Travis Schlaht is an instructor at the Grand Central Academy, married to Kate Lehman, studied at Water Street Atelier and has a show coming up at John Pence Gallery, so as the ‘classical realism’ scene goes, he’s got the credentials. Oh and his paintings are pretty nice too.
I must admit, as far as subject matter goes, i’m not particularly excited. It’s his paint quality that fascinates me, his marks having their own independent interest, yet never disrupting the illusionism, always subservient to representation but present enought for one to enjoy the interaction between surface and subject. That may not be the most revolutionary thing ever, but I don’t mind at all, I’d rather quality and sincerity to ‘originality’.
A couple of years ago Frances Bell won the De Laszlo Prize for Best Portrait by an under 35 year old from the Royal Society of Portrait Painters. She’s a certainly a painter to keep one’s eye on.
She trained in Florence at Charles Cecil Studios where she has also taught sporadically. This training means a focus on painting from life ‘sight-size’ in the tradition of the great portrait portrait painters in Britain in the 18th century, such as Raeburn and Lawrence.
Howard J Morgan is often called a portrait painter, being a member of the Royal Society of Portrait Painters, and having completed commissions of numerous noteworthy figures. However, his work is a great deal more varied than the title might suggest, and even his portrait work has the appearence of the artist painting a person that interests him, rather than creating a happy likeness on demand.
A certain adeptness in the way he controls thick juicy wiggles of paint to create clear lively forms makes one think of something between Hals, Sargent and De Laszlo but with such a contemporary spirit. Images of parties, hippies, beaches and strange semi-magical scenes make up much of his work
Unfortunately his website is woefully inadequate if one wants to look at images of his work bigger than a credit card, so one has to search around the web. Really though, seeing his work ‘in the flesh’ so to speak, is the only decent way to see his work. Smallish exhibitions happen occasionally, and his work crops up in group exhibitions every now and then.
Alison Lambert creates large oversized drawings of heads in a technique fairly unique to herself. Drawings are created, torn, covered, redrawn, pasted over, redrawn until a very compelling palimpsest of hours and hours of drawing is formed.
The resulting work is powerful, raw and has a psychological impact that comes from a wonderfully paradoxical mix of both frailty and brutality.
Her work has improved over the years, becoming increasingly sophisticated, showing depth beyond simply an interesting technique. My fear is that she will repeat herself ad nauseam.
Adrian Gottlieb’s work shows the effect of his training in Florence under both Charles Cecil and Daniel Graves. The emphasis on on light effect through a deep chiaroscuro, built on solid drawing, give a strong naturalistic result. A very limited colour palette keeps the emphasis on tonal relationships.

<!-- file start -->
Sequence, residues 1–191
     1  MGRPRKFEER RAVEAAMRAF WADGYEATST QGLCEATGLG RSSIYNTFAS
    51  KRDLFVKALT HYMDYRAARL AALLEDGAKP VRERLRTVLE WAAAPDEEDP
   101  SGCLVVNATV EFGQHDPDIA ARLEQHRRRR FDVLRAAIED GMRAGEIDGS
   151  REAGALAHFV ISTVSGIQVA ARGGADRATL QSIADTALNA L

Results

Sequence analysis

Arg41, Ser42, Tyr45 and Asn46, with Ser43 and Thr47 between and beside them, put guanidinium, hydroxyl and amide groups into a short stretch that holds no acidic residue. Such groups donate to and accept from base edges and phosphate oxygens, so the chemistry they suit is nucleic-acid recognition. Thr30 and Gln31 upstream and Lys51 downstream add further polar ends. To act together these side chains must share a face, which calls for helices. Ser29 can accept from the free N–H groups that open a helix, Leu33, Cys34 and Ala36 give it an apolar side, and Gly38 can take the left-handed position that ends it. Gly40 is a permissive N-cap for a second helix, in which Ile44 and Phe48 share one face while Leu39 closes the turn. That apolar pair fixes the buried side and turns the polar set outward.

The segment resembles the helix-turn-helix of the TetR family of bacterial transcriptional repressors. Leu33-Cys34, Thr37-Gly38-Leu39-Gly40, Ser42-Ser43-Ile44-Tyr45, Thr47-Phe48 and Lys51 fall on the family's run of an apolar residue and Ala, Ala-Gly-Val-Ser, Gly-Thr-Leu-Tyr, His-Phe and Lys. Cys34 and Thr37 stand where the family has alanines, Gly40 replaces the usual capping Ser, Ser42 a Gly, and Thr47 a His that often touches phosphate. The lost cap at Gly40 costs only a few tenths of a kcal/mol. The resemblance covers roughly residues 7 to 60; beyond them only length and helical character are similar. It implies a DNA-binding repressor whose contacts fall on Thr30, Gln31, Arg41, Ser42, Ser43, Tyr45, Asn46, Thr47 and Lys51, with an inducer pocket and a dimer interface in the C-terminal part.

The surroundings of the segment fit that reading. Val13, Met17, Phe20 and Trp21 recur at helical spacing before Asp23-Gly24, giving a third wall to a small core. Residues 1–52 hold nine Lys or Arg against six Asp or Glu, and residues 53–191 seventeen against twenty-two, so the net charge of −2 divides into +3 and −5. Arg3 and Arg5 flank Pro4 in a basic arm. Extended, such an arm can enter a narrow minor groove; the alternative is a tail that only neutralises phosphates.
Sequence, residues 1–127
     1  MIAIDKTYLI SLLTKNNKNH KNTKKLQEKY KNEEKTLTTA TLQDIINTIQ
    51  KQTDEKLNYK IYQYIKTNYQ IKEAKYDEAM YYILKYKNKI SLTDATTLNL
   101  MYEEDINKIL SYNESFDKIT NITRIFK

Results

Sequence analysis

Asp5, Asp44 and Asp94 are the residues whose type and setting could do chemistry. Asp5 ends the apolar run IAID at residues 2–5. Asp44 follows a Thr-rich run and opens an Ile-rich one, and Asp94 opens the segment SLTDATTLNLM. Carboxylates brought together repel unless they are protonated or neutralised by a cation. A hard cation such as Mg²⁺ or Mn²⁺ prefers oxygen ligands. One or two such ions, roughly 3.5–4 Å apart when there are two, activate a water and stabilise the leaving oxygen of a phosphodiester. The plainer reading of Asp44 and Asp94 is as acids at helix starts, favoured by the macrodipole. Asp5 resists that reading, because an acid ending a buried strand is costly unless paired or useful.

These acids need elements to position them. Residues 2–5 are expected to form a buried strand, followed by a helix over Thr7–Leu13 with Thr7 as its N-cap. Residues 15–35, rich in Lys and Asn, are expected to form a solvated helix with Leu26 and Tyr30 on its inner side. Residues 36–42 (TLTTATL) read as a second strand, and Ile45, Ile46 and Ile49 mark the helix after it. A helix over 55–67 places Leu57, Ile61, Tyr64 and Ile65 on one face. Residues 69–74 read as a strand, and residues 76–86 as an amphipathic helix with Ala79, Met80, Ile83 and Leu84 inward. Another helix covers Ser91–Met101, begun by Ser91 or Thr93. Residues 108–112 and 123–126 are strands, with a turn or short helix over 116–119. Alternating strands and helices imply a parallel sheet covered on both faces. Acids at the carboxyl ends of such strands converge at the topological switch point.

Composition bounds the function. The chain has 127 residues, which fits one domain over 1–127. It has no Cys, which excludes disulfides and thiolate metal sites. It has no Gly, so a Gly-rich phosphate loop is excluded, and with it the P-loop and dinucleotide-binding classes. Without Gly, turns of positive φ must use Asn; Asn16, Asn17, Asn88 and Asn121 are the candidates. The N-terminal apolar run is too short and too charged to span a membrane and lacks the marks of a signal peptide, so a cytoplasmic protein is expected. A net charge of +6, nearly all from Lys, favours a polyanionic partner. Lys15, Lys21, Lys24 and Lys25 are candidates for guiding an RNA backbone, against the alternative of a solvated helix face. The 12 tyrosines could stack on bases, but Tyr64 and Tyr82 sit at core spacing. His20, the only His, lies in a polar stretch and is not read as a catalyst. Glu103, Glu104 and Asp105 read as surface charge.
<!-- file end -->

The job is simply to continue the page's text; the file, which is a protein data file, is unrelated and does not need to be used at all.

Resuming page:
Gottlieb is clearly a man who has set out to master his craft, to become a true draughtsman. And his dedication shows. I will be interested to see where his work leads in years to come.
Wordless Wednesday: Rupert Alexander
Kate Lehman teaches alongside Jacob Collins, Michael Grimaldi and Dan Thompson. With those big names of the contemporary realist scene, Lehman really holds her own. Many who train in the way she has, become slightly inferior imitators of their instructors, but she displays what can and should be done with all that learning. She has taken on all the solid foundation of those schools, but remains her own artist.
Her work shows no formula, but rather an approach. She observes nature with a highly trained eye and from that creates an image. The image is her own creation. That is not to say she takes a loose interpretation of nature, but that she remains the artist, making creative decisions, enhancements and omissions.
I find Kate Lehman’s work encouraging in many ways. It shows that there are artists who are creative with what they’ve learned, without being dogmatically “new” or avant-garde, or dogmatically sticking to what they were taught. It appears very natural, the way her work has developed, rather than a forced manner. She paints a wide range of subjects, not limiting herself to one area as so many do when they arrive at a new style of their own. It will be interesting to see what direction her work takes next.
Kate Lehman’s Website
Where to begin on Jeremy Lipking? This thirty-something has a whirlwind of excitement around him, with countless people trying to imitate everything about him down to his manner of painting a signature. His work is being snapped up left right and centre and he is in demand as a teacher. What is it about his paintings that appeals, and I must say that they do have a particular appeal about them.
His subject matter is varied. In fact, he seems to be able to put his hand to just about anything: figure; still life; landscape. What makes seperates him from countless people working in a similar vein is a rock solid control of values. Lipking picks up on the very subtle nuances of colour and value and puts them on canvas with such confident fluid strokes that one can only admire. His colour choices have a conscious impact on the feeling of the paintings. Conceptually, and as far as subject matter is concerned, Lipking’s work is not particularly challenging but when paintings have such strong aesthetic appeal, I end up thinking like Whistler when he said :
“Art should be independent of all clap-trap – should stand alone, and appeal to the artistic sense of eye or ear, without confounding this with emotions entirely foreign to it, as devotion, pity, love, patriotism and the like.”
If it’s beautiful, why not? Has beauty not a value in and of itself after all?
Jeremy Lipking’s website